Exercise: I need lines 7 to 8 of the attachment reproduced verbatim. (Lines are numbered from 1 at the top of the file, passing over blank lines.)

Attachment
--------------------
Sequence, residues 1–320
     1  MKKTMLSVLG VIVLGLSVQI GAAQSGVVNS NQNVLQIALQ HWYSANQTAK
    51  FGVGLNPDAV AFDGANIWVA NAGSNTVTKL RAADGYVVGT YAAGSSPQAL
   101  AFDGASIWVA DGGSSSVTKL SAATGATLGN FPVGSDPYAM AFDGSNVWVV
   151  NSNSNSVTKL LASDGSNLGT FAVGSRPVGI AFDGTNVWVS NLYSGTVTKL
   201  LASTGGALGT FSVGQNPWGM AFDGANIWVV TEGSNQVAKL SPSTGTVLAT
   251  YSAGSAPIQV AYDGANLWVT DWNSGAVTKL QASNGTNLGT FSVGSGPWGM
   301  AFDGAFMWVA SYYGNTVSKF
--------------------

   251  YSAGSAPIQV AYDGANLWVT DWNSGAVTKL QASNGTNLGT FSVGSGPWGM
   301  AFDGAFMWVA SYYGNTVSKF